In your memoirs, you mention having experienced this atmosphere in your youth.
Well, I know these instances as far as my family told me. However, I also personally experienced the barren atmosphere of 1950s. Those who read and loved Orhan Veli’s poems in the high school comprised the leftist group. The poems of Nâzım Hikmet used to be passed from hand to hand. And we used to change the lines of his poems collectively. Just like folk poetry. For instance, these lines of Nâzım:
If a half of my heart is here, the other half is in China, doctor.
In the army flowing towards the Yellow river.
Then, every dawn, doctor, every dawn, my heart, in Greece,
Is being shot by a firing squad.
In Mehmet Fuat’s collection of Nâzım’s poems [Mehmet Fuat being the son of Nâzım Hikmet and acknowledged as misrepresenting the legacy of the communist poet], the lines read as ‘every morning, my heart is shot by a firing squad’. No! In our anonymous version, it reads as ‘every dawn, my heart is being shot by a firing squad’ because it is more suitable for Nâzım’s sound harmony. It’s a collective edition. Here you are! It means, Nâzım becomes a folk poet. There are other examples like that.
In the 1950s when we were at the university, one of my classmates asked the economics professor ‘It seems that the Soviets are achieving a planned development; all what we talk about the Soviets, are they really accurate?’ His name was Erol Kartal, a student whose brother was involved with TKP. The professor said in response, in a lecture hall with a thousand students, ‘Ok, sir, you may sit down. If that’s your question, let’s put you in an airplane and send you down to Moscow with a parachute so that you can see it for yourself.’ There was a burst of applause in the class! But it was not clear whether the collective will of the class sided with the professor or our young friend Erol. We can consider it as the humour of Turkish society.
There were some journals where the leftists had some influence. This is also related to your story of becoming an economist.
There were one or two illuminating examples of this sort. Let me talk about two of them. I contributed to one of them; Pazar Postası, a weekly journal. I wrote some columns there with the alias A. Korkut and Mustafa Karataş. I contributed by writing on world issues with the help of the socialist Western literature which I was following more or less back then. Tevfik Çavdar, Süleyman Ege, Muzaffer Erdost and poets from the “İkinci Yeni” poetry movement used to write in that weekly. The owner of it was Cemil Sait Barlas, a parliamentarian from CHP who was considered as a socialist in a sense.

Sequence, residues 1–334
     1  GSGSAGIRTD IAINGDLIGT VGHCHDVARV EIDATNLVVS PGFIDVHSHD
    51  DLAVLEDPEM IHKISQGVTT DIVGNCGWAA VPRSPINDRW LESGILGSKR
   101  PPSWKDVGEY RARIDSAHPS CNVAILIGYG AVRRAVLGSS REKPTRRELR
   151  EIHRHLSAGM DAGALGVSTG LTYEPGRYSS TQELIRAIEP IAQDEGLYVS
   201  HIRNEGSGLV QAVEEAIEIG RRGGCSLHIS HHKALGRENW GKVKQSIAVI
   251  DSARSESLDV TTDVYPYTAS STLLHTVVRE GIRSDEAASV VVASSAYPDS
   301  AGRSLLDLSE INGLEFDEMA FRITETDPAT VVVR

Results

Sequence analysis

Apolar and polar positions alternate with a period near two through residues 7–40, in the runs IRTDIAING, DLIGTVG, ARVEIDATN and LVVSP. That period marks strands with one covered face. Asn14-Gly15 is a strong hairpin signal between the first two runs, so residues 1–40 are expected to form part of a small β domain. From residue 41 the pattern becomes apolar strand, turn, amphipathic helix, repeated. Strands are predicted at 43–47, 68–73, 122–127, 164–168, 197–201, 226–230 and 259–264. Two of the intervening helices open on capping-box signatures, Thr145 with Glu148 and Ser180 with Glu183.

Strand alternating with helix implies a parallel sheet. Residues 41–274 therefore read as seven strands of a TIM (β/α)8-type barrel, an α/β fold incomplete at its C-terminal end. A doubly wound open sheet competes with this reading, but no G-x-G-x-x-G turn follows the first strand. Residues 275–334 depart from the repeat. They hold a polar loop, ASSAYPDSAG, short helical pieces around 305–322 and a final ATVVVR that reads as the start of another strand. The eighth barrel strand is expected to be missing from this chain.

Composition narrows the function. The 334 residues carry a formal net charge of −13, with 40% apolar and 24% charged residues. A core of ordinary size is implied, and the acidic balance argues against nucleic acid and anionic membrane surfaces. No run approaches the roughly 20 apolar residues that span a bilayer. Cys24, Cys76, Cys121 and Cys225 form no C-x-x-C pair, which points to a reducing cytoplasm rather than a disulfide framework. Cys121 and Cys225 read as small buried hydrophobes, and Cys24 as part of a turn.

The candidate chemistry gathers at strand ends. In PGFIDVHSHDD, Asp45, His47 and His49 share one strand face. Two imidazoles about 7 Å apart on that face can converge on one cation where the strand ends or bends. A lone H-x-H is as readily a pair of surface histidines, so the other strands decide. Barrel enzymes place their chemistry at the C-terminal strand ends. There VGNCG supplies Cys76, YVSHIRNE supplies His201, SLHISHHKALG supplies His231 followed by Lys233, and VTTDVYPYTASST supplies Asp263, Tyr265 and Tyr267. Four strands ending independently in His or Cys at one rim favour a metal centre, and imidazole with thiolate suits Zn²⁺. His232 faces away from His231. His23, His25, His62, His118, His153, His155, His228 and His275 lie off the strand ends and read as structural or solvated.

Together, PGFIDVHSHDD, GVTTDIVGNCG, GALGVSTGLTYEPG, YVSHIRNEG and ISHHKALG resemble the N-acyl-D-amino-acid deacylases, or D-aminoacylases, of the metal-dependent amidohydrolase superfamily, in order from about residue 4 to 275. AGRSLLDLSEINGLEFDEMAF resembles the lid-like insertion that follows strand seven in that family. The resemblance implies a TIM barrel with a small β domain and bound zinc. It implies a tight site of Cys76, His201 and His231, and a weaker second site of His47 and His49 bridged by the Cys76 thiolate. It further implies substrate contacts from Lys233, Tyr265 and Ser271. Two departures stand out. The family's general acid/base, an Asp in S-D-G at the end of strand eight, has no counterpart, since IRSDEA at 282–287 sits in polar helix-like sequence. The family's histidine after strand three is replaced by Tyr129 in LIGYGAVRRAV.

The other journal was Forum. Forum was in fact the liberal opposition. And yet, it had the traces of a cultural legacy. The Westernisation wave of the İttihat Terakki [The Committee of Union and Progress, 1889-1918] and even Islahat [The Imperial Reform Edict, 1856] and Tanzimat [Administrative reorganization of the Ottoman Empire, 1839] movements were reflected in this journal. The Republic speeded up these reflections and that’s why their traces were still seen. Therefore, the left wing legacy of the 1940s also had its reflections in Forum. I was influenced by the article of Sencer Divitçioğlu advocating Marx in his economic polemic on Keynes and Marx against Aydın Yalçın, who was a liberal at the time and would later became a fanatical right-wing figure. I was a university student in those days, wishing or even passionately wanting to continue my studies in social sciences. The arguments of Divitçioğlu, who was a PhD student in Paris back then, was the main factor that convinced me to become an economist. In a sense, it means that there were some reflections and outrunners of the great left-wing wave of the 40s in Forum.